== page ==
Jeremy Gerard, a prolific and widely read arts reporter and critic, was laid off by Deadline.com two years and two months after the news outlet hired him to oversee its expansion of New York media and theater coverage .
Gerard, who was executive editor and chief theater columnist, said in an email that he was told that Deadline.com, otherwise known as Deadline Hollywood, is focusing resources on film and television coverage. Mike Fleming Jr., co-editor in chief, didn’t return an email. Gerard said: “I have loved working at Deadline and will miss my great colleagues there.”
Gerard has written about the performing arts for four decades. He was the Broadway reporter for the New York Times, where he covered the impact on the arts world of the AIDS epidemic, among many other topics. He was chief drama critic for the Dallas Morning News and Variety, and columnist and reviewer for New York magazine and the now-defunct Soho Weekly News. (He was also a colleague of mine at Bloomberg News, until it eliminated daily arts coverage, in November 2013.) He’s the author of two books, most recently, Wynn Place Show, about Wynn Handman, the co-founder and artistic director of the influential American Place Theatre.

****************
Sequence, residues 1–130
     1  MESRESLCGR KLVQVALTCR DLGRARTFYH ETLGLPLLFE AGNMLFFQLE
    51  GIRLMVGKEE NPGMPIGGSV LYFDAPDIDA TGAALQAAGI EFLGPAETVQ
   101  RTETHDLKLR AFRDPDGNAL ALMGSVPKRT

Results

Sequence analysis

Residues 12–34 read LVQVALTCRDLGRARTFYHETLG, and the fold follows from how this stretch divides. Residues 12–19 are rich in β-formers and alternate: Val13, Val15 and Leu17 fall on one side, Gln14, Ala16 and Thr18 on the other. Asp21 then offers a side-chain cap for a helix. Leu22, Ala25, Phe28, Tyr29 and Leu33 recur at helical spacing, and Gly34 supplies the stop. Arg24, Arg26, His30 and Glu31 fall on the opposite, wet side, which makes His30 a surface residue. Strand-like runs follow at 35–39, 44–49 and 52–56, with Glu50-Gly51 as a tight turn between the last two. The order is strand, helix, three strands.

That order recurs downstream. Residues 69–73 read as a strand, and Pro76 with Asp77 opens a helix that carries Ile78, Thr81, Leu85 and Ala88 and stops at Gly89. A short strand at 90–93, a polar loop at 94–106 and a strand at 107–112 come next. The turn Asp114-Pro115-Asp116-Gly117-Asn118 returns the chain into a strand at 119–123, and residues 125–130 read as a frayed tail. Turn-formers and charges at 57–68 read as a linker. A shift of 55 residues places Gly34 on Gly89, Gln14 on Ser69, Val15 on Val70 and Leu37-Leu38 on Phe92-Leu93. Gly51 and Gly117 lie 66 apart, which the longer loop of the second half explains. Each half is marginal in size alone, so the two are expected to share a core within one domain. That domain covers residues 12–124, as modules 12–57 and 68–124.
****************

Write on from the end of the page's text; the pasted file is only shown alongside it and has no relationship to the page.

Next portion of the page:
At Deadline, while editing others’ work and writing as many as half-dozen posts a day, he regularly broke news about the business, including about the finances of Hamilton and air rights over Broadway theaters. Said Rick Miramontez, a press agent with DKC/O&M: “Wherever Jeremy lands, we all know he will remain one of the deans of industry reporting.”
Matt Windman, author of the new book The Critics Say…, featuring interviews with theater critics and reporters, several of whom have gone from full-time to freelance, said writers were heartened when Deadline hired Gerard. “Here was a guy with tons of experience and knowledge being brought on to a mainstream online publication, and he gave theater (both Broadway and Off-Broadway) a great amount of attention, and he performed the kind of in-depth investigative reporting and interviewing that so many other critics who dabble in reporting and features don’t have time for.”